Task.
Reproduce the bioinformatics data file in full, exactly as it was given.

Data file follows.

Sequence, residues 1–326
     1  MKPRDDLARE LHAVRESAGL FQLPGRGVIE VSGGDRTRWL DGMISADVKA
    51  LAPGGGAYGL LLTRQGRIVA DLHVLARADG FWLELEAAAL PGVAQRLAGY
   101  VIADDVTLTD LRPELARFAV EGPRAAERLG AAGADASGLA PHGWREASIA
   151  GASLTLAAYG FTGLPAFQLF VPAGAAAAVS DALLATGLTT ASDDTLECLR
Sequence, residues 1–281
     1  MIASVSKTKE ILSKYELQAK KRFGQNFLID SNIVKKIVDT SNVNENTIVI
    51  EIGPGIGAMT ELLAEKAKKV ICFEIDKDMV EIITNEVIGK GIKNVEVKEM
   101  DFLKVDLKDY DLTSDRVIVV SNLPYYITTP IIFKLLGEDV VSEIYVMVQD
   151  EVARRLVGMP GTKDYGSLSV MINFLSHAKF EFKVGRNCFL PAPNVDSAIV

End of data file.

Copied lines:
Sequence, residues 1–326
     1  MKPRDDLARE LHAVRESAGL FQLPGRGVIE VSGGDRTRWL DGMISADVKA
    51  LAPGGGAYGL LLTRQGRIVA DLHVLARADG FWLELEAAAL PGVAQRLAGY
   101  VIADDVTLTD LRPELARFAV EGPRAAERLG AAGADASGLA PHGWREASIA
   151  GASLTLAAYG FTGLPAFQLF VPAGAAAAVS DALLATGLTT ASDDTLECLR
Sequence, residues 1–281
     1  MIASVSKTKE ILSKYELQAK KRFGQNFLID SNIVKKIVDT SNVNENTIVI
    51  EIGPGIGAMT ELLAEKAKKV ICFEIDKDMV EIITNEVIGK GIKNVEVKEM
   101  DFLKVDLKDY DLTSDRVIVV SNLPYYITTP IIFKLLGEDV VSEIYVMVQD
   151  EVARRLVGMP GTKDYGSLSV MINFLSHAKF EFKVGRNCFL PAPNVDSAIV